August 24th, 2014
Widely promoted as the first of its kind by the San Francisco franchise, the team broke out its highly anticipated wireless service this weekend against the Broncos — rumored to support the entire 68,000+ stadium for any and all devices. While other stadiums have provided wireless internet to thousands of fans, none have claimed to be able to do all simultaneously, and many thought it might be impossible without some sort of paid service eventually.
Until now. ArsTechnica reports that the stadium “offloaded 2.13 terabytes during the event,” which 49ers VP of Technology Dan WilliamsÂ told Mobile Sports Report. The newly built Levi’s Stadium has 68,500 seats and more than a third of attendees used the Wi-Fi network simultaneously.
“We peaked at 24,775 (roughly 38 percent of attendance) concurrent connections with an average of 16,862 (roughly 25 percent of attendance),” Williams said.
At kickoff, the system was serving up 2.3Gbps. During the second busiest moment, less than an hour later, the Wi-Fi network was distributing 1.7Gbps throughout the stadium. “We averaged more than 1Gbps for more than two hours,” Williams said.
That data includes only Wi-Fi, though cellular performance was reported to be strong as well due to small antennas distributed throughout the building.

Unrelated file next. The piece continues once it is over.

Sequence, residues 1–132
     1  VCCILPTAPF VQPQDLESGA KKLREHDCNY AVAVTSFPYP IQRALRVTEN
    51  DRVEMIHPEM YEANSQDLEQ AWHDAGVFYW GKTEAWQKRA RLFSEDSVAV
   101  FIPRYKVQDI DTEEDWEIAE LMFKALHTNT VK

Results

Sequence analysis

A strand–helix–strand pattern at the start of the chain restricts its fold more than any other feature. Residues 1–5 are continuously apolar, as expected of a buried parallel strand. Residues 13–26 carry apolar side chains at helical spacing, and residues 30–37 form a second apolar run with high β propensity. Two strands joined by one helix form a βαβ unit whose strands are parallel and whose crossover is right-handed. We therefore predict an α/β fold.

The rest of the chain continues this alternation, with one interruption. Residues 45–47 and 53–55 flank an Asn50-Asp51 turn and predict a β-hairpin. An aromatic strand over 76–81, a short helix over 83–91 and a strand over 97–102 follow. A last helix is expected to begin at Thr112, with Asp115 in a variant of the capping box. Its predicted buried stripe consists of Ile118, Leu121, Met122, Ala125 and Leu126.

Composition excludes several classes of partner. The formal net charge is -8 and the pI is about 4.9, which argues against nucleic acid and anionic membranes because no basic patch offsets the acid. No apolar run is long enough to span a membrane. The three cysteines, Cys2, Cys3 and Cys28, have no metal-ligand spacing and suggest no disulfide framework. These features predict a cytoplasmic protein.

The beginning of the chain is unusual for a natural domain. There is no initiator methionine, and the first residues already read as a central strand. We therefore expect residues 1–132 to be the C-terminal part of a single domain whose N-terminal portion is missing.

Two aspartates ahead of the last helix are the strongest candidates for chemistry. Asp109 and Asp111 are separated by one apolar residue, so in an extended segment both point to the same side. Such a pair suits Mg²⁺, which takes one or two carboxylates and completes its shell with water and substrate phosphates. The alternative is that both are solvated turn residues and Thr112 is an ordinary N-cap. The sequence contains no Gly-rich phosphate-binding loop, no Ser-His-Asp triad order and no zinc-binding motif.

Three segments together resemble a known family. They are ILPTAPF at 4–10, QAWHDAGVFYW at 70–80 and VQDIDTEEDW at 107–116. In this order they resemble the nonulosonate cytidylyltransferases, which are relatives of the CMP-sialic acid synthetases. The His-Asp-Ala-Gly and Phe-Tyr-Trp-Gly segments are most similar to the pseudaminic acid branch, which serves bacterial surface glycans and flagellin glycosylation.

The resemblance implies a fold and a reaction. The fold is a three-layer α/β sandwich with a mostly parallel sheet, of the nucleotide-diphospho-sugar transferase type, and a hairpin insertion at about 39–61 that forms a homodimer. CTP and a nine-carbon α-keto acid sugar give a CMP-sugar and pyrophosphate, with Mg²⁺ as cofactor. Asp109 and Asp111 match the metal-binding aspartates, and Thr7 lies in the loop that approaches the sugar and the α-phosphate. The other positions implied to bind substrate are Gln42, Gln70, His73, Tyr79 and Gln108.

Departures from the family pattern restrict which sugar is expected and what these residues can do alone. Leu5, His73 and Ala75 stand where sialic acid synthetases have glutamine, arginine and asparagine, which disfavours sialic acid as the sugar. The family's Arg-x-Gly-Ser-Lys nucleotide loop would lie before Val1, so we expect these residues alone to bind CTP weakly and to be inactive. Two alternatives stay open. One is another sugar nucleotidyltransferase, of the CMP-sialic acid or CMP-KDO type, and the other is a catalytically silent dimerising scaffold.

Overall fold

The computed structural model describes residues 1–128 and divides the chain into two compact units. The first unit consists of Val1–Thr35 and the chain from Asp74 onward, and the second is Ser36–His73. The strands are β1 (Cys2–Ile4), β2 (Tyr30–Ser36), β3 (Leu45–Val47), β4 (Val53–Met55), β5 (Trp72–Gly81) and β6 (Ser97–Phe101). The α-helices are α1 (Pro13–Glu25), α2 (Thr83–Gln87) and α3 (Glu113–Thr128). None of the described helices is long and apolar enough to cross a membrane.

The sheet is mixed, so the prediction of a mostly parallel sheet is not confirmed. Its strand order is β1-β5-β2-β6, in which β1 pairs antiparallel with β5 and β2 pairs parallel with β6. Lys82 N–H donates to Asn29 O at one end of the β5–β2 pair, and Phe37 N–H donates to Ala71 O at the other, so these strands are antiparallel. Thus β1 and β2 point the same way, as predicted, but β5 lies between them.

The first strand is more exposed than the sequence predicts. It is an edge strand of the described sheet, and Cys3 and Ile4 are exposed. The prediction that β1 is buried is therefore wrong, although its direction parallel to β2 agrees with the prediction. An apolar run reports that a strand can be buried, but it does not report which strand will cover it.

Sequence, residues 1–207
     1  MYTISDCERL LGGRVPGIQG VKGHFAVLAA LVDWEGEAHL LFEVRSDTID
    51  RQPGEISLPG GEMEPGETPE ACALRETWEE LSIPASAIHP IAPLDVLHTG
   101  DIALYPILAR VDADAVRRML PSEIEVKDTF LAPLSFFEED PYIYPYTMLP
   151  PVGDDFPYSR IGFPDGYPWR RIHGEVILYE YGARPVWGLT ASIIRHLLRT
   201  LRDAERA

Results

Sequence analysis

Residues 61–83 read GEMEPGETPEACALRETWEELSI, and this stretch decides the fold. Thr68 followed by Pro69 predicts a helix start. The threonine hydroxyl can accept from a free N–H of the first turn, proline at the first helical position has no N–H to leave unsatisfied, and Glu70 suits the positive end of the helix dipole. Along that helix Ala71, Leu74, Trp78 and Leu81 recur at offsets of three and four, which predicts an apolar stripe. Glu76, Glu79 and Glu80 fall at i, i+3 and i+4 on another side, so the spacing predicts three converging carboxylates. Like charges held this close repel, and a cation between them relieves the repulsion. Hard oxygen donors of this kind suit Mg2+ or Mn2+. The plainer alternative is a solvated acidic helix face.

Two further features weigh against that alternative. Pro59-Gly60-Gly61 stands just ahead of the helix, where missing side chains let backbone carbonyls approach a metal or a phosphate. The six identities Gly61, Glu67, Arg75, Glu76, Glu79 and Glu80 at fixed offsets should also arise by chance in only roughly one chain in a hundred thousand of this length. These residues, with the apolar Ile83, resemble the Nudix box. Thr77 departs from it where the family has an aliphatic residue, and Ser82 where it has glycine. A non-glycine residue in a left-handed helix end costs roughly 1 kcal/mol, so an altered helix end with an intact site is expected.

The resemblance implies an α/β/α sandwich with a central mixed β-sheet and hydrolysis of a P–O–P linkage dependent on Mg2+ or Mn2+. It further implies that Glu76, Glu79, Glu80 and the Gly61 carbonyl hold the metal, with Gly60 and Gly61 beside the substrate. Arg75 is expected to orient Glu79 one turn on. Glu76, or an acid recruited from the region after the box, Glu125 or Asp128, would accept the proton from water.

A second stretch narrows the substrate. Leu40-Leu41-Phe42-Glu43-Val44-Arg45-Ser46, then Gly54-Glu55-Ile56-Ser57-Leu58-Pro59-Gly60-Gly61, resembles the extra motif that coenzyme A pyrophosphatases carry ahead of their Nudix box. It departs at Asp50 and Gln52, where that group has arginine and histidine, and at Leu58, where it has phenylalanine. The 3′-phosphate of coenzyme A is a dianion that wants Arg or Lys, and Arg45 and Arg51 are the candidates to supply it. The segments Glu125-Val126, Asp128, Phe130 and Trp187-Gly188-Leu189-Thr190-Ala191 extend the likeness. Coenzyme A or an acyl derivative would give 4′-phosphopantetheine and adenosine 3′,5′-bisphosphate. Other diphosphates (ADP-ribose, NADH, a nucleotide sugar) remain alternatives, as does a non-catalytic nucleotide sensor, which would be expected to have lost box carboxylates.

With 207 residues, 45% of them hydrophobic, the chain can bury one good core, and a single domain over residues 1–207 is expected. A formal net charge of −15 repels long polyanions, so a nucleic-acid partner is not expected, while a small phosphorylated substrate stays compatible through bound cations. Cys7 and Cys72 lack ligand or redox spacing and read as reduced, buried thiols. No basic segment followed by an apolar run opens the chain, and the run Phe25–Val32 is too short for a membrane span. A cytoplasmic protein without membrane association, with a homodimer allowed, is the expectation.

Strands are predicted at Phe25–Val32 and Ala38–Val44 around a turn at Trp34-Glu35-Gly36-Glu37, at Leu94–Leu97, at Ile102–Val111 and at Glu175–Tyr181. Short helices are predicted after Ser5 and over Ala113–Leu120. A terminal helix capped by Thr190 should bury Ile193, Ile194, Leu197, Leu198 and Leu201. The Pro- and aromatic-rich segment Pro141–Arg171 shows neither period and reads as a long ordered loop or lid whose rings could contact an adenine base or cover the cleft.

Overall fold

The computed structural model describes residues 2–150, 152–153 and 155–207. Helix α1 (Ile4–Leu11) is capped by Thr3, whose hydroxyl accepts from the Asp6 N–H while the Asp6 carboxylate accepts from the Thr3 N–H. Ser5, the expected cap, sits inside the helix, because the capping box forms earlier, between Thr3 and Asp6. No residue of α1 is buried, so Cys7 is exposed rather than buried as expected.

A food-ordering app attractedÂ the most users, followed by ticketing and then video. Video will become a bigger dealÂ during the regular season whenÂ instant replays becomeÂ available on aÂ mobile app.
The Wi-Fi network had some problems on the crowded 2.4GHz band, performing better on 5GHz. “As you know, 2.4GHz is limited with non-overlapping channels, so we suspect a number of legacy devices may have some problems,” Williams told Mobile Sports Report. “We know we still have some optimizations to do in the upper bowl and upper concourse while we continue to fine-tune the main bowl and concourse as we noticed our cell edge was weaker than expected when the stands were full.”
DespiteÂ game video being blockedÂ from mobile devices atÂ this year’s Super Bowl in New Jersey, the Wi-Fi network served 3.2TB of data, with a peak of 13,500 concurrent users out of 82,529 fans,according to Extreme Networks. Facebook, Twitter, and Instagram accounted for much of the usage, with “more than 5 pictures per second” being uploaded to Instagram from Wi-Fi.